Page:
The first conversation after a painful breakup is always awkward.   Starting a conversation after you’ve been hurt is no easy task.   There are some things you just can’t apologize for.  There is nothing that could be said that would make you whole again. There are no right words.

Fried Shrimp!  It’s the only thing to say when you’ve had an awkward break up and don’t know what to say.  Seriously, try it some time.   (Thank you Iliza Shlesinger for that tip!)   Fried Shrimp works wonders. It’s fine that it doesn’t make any sense because the only thing worse than an awkward first conversation, is perpetual sadness.  The first step to forgiving is recognizing it’s time to not be sad anymore.  The worst of it is over.  You don’t want to dwell there anymore, it’s time to move on with your life.  It’s time to let go of your hurt.

Sometimes to truly let things go, you have to embrace them.  Just look them in the eye, smile, walk right up, chest to chest, wrap your arms around them and squeeze. (Hopefully, not too tight because it’s a little painful.) It will never be like it was, that time in your life is over.  As fun as it was, it ultimately grew unhealthy and nearly tragic. You’ve had to accept the fact that removing a part of you was simply doing what needed to be done.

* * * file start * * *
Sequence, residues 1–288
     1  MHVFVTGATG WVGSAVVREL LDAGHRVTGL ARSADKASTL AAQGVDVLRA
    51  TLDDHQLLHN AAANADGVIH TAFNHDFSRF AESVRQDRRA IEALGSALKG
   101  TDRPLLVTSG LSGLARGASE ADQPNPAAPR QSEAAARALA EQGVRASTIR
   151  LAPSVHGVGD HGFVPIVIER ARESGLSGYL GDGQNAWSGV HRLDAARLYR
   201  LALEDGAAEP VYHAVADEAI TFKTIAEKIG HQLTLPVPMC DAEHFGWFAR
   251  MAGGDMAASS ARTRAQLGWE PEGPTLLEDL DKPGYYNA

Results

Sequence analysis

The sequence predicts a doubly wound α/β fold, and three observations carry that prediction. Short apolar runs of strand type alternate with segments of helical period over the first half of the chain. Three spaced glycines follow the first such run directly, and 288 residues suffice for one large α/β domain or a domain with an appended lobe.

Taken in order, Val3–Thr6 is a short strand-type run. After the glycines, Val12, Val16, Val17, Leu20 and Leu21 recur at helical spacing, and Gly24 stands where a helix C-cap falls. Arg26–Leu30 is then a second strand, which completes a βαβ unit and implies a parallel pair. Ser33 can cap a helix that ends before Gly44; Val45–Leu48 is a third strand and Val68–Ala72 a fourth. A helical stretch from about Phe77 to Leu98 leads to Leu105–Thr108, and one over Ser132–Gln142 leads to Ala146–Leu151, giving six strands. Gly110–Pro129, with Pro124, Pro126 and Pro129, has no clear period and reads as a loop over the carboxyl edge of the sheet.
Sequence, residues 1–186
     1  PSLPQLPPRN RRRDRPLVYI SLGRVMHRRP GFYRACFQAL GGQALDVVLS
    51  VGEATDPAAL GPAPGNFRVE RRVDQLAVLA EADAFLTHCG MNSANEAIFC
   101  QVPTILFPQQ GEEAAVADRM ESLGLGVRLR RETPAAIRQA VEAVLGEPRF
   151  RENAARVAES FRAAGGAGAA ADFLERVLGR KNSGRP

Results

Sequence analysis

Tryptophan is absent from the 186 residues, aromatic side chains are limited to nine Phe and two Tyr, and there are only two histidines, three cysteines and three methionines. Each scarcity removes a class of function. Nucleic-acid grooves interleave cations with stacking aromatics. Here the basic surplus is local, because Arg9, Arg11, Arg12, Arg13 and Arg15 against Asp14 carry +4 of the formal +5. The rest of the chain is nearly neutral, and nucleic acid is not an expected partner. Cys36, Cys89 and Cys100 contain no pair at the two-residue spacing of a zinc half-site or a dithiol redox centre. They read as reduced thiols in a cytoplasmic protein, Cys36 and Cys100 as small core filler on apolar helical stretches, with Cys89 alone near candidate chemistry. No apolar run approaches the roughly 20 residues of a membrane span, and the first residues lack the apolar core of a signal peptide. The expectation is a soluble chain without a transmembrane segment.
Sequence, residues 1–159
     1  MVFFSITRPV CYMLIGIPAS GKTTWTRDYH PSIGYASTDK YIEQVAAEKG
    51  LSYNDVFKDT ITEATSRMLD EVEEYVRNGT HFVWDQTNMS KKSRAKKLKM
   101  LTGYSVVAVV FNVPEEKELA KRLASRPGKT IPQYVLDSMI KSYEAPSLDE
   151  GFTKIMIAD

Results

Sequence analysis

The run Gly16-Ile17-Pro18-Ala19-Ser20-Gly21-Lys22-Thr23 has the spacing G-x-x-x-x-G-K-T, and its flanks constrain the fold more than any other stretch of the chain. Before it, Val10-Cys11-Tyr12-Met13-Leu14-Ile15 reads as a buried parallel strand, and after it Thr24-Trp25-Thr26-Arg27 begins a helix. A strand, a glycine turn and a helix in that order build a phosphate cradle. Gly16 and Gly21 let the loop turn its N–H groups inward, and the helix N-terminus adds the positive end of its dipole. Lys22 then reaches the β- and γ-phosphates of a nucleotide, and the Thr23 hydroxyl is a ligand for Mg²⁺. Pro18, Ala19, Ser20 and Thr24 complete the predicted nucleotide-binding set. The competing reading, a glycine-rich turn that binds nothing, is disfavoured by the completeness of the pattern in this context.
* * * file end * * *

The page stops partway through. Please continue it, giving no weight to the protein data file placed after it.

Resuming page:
Breath.  The letting go is hard.  Sometimes letting go is harder than hanging on.  But, you have a choice.   The situation is what you make of it, you can continue to let it hurt you or you can choose to feel something else.  Once you’ve had cancer, it’s never very far from you mind. You develop a sense of gratitude for the moments. You become grateful to still be here, to live another day, to tell your story. You are one of the lucky ones.  Not everyone is so very lucky.

Only then do you recognize the awesome power of forgiveness.  Forgiveness, is a personal choice one only you can decide if and when to give.  The beautiful thing about forgiveness is you can give it, even if it isn’t being asked of you.  Sure those bitches betrayed you, but it’s not worth the energy it takes to remind yourself how much they hurt you every time you think of them. It’s time to make peace or at least make civil because thankfully, life goes on.